Gentile (2012, p. 47) writes, “Free will is a matter of free will.” In other words, when students believe they have a choice...

Fall semester is underway for many of us as we welcome new students and already enrolled students to our learning settings. New semesters bring plenty of reasons to be excited and positive in our roles as educators, leaders, and researchers in academia. We would be remiss, however, to downplay the effects that we continue to experience post-pandemic across our learning environments and within our approaches to teaching-learning. Just as we began to share a collective deep breath and settled into new ways of engaging our students we were met with a second challenge, the unprecedented global rise of artificial intelligence applications. Free access to some of the different applications has allowed students to easily adopt them into their daily academic work, sometimes with little apprecia...

The International Center for Academic Integrity (ICAI) is four weeks out from the International Day of Action for Academic Integrity! In celebration of this event, this blog will spend the next four weeks focusing on the Fundamental Value of Courage, applying the lens of Giving Voice to Values by Mary Gentile (2012) to educational integrity. The ICAI (2019) defines being courageous as “acting in accordance with one’s convictions.” As practitioners of academic integrity and faculty from a myriad of educational backgrounds, we can help students em...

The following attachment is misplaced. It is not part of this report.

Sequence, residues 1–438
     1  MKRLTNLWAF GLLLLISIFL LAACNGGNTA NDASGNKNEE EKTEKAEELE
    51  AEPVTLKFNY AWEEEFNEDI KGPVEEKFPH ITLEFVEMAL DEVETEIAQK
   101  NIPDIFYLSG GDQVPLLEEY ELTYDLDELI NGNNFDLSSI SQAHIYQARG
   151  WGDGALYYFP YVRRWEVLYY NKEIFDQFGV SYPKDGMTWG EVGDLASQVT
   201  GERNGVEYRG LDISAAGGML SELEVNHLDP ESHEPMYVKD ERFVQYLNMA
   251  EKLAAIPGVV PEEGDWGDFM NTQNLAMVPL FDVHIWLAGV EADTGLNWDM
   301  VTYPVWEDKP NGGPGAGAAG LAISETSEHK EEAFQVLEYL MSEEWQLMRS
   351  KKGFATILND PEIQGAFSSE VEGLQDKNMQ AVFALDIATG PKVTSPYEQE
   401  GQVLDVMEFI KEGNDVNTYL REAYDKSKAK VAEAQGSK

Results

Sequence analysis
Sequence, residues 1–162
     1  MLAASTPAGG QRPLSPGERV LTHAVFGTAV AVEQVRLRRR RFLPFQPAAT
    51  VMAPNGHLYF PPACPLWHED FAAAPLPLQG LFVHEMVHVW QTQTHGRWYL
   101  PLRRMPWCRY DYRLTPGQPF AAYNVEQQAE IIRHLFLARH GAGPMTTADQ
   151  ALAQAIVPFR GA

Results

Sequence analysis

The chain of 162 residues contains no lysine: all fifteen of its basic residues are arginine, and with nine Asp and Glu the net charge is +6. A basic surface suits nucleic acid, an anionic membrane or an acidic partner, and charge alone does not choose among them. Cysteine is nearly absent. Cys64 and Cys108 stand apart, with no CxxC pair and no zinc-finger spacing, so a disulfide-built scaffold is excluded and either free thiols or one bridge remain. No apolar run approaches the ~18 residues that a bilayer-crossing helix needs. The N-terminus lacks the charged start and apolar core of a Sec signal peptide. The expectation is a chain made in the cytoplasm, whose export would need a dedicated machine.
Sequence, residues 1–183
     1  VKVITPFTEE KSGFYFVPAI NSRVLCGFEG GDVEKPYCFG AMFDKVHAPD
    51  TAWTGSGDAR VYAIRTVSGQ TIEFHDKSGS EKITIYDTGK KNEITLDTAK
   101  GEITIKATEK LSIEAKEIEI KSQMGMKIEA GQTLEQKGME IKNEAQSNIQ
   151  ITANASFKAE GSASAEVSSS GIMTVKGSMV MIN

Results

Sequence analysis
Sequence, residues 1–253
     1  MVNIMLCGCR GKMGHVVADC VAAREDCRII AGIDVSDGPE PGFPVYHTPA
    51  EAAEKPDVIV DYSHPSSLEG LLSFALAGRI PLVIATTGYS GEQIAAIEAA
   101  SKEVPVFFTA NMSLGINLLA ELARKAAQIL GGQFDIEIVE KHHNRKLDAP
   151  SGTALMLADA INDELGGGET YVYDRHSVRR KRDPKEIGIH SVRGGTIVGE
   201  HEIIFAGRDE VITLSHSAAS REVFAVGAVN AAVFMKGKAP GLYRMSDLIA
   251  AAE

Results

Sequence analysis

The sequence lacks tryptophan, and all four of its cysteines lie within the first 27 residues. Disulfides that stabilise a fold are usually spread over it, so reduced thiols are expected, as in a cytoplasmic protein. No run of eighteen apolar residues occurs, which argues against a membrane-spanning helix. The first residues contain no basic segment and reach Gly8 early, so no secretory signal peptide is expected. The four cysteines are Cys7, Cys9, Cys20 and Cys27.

As the semester progresses, first exams and major assignments are coming due. Offices of Academic Integrity have been preparing by spending the first weeks of the term focusing on education and outreach, but the transition to case resolution is fast approaching. As we pivot towards finding and handling cases of alleged misconduct, one major suggestion for faculty to reduce cases of academic misconduct is simple: remind your students of the honor code before the assignment is due.

This is not something that should take a full lecture session or take away from the content of your course. Instead, I am asking you to remind your students that they have an obligation to turn in honest work. Tell them that it matters what they submit to you, and why. Repeat what is allowed or expected...

Academic integrity policies come into effect through a variety of methods. Whether it is a high stakes academic integrity case on campus or a well-respected integrity crusader that forms the catalyst for implementing new policy or substantially revising an existing approach, the policies themselves—and what we make of them as stakeholders—remain. In Australia (Bretag et al., 2011), Europe (Foltýnek & Glend...

Hello! My name is Abigail Warner, and I am a doctoral student at South College. My dissertation topic is academic misconduct reporting trends, and I am seeking institutional participants for my research study.

Background

The unceremonious shift to emergency remote teaching (ERT) during the COVID-19 pandemic resulted in stress and confusion for both students and faculty, as well as a breakdown in communication. News outlets reported on the seemingly dramatic increase in academic misconduct cases at colleges and universities nationwide (Dey, 2021). One study by Lancaster and Cotarlan (2021) found that the number of test-related questions on Chegg increased by 196.25% when comparing five-month time periods in 2019 and 2020, suggesting that the higher levels of reporting w...